Jodi Arias says feels betrayed; jury weighs death penalty
Convicted killer Jodi Arias feels betrayed by an Arizona jury that found her guilty of murder in the brutal slaying of an ex-boyfriend, according to an interview aired on Wednesday as that same jury weighed whether to sentence her to death.
Arias, 32, was found guilty earlier this month in the murder of Travis Alexander, whose body was found slumped in the shower of his Phoenix-area home in June 2008. He was stabbed 27 times, had his throat slashed and was shot in the face.
The murder trial, which featured graphic testimony and photographs, became a sensation on U.S. cable television with its story of an attractive, intelligent and soft-spoken young woman charged with an unthinkable crime.
In an interview with ABC that aired on its “Good Morning America” program on Wednesday, Arias said she felt betrayed by the jury, which quickly found her eligible for capital punishment and will now decide her sentence.
“I feel a little betrayed by them. I don’t dislike them; I was just really hoping they would see things for what they are, and I don’t feel that they did,” she said.
Maricopa County Superior Court Judge Sherry Stephens asked the jury on Tuesday afternoon to begin deliberations on a sentence for Arias following closing arguments in the penalty phase of her trial.
The jury reconvened on Wednesday after failing to reach a verdict on Tuesday afternoon. If the jury is unable to reach a unanimous decision, a new jury would be impaneled to determine whether the death penalty should be imposed.
In an at-times tearful appeal on Tuesday, Arias pleaded with jurors to spare her the death penalty for the sake of her family and sentence her instead to life in prison.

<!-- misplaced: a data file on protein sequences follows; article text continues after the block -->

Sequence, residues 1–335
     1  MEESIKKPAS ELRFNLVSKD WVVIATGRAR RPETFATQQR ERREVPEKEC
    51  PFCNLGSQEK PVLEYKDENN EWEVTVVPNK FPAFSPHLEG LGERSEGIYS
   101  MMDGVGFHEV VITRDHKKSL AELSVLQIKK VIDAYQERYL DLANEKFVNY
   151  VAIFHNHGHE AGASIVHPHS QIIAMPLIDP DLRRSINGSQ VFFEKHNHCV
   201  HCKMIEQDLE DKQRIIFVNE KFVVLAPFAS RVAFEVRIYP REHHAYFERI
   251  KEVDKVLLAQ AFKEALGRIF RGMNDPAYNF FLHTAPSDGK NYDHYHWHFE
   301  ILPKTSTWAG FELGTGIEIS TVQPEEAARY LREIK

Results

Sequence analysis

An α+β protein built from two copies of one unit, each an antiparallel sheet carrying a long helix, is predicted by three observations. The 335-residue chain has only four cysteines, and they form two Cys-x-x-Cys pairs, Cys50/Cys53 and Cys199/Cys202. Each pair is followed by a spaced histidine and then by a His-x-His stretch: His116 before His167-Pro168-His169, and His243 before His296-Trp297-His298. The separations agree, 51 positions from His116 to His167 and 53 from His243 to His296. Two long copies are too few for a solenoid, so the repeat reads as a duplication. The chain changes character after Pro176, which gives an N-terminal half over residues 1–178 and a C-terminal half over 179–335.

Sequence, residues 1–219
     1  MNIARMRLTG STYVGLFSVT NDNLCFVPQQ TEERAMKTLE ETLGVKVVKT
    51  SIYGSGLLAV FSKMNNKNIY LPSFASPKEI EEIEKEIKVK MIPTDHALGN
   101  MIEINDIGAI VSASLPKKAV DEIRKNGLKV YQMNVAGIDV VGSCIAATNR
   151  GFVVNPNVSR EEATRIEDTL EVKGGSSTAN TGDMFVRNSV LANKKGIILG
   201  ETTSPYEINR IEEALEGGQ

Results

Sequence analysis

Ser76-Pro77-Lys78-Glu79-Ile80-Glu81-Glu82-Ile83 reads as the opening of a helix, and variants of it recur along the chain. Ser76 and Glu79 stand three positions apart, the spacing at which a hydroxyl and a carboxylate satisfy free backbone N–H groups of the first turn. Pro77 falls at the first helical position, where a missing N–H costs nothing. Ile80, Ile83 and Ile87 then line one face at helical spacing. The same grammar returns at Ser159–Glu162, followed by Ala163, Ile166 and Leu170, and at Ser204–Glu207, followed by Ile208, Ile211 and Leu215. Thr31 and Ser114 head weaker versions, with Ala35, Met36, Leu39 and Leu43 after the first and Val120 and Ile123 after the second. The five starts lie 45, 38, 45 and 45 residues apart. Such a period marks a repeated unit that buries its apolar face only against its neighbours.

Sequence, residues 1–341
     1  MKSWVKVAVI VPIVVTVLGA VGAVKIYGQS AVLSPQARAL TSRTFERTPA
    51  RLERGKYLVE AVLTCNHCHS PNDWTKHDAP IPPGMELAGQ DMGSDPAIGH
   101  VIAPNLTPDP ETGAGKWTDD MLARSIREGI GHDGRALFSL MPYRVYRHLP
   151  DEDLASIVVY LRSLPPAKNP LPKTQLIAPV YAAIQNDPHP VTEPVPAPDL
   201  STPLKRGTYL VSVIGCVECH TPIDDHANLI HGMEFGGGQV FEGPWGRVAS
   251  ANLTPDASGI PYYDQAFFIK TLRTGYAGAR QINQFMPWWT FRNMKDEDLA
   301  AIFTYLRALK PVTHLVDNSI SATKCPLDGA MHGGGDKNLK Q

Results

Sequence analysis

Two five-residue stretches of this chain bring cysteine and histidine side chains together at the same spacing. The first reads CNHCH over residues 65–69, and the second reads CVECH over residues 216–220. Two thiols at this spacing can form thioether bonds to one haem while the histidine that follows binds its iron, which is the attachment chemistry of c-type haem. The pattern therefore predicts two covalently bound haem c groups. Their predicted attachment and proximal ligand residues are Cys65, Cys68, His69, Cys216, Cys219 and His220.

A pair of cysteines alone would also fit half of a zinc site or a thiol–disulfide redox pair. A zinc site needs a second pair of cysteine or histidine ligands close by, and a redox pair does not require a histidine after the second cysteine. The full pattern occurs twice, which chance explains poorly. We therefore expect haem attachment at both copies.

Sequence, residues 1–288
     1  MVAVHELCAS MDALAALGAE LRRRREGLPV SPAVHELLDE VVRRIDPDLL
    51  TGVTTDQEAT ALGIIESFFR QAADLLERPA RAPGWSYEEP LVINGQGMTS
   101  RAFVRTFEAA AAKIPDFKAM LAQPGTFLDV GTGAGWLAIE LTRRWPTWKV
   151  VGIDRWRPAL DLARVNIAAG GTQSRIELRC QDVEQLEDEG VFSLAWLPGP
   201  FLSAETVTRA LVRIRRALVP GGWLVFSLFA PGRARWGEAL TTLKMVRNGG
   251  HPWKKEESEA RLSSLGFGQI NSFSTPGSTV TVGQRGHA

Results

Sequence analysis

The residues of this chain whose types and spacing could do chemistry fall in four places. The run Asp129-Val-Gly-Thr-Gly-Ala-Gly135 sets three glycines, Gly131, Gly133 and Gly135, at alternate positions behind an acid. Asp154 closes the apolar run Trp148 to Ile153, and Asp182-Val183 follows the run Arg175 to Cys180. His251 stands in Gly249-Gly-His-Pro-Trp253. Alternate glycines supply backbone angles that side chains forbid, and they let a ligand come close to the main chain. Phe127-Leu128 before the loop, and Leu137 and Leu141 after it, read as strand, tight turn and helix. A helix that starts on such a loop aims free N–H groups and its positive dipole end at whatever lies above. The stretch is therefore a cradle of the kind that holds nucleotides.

TAKING IT DAY-BY-DAY
As a penalty phase verdict loomed, Arias told the Arizona Republic newspaper late on Tuesday that she was not going to “think too much” about it, but would just “take what’s coming to me.”
Should the jury impose a death sentence, she said she would wait for the mandatory appeals process “just taking it day by day.”
As deliberations got under way on Wednesday, the panel was given clarification on whether a life sentence meant natural life in prison for Arias or included the possibility of parole.
Defense attorney Jennifer Willmott told the panel if they sentenced Arias to life in prison, they are “sentencing her to die in prison,” saying that there was no procedure in place to grant parole after 25 years.
Prosecutor Juan Martinez countered that just because there was no mechanism now didn’t mean there never would be.
“It doesn’t say that automatically if you say life it’s going to be a natural life sentence,” he said.
During her trial, Arias admitted killing Alexander but said she had acted in self-defense after he attacked her. She also characterized her relationship with Alexander as physically and emotionally abusive.
“To this day, I can hardly believe I was capable of such violence, but I know that I was, and for that I’m going to be sorry for the rest of my life … I was horrified by what I had done, and I am horrified still,” Arias told jurors on Tuesday.
She also told them she could lead a productive life in prison, and mentioned that while behind bars she had already donated her long hair to a charity that provides wigs to children, including cancer patients, suffering from hair loss.
In closing arguments, defense attorney Jennifer Willmott walked jurors through eight mitigating factors – among them that Arias had suffered abuse, had no criminal history and was 27 at the time of the murder – and urged them to show mercy.
Martinez countered that there were no documented reports to corroborate Arias’ claims of abuse and urged the jury to return a death sentence.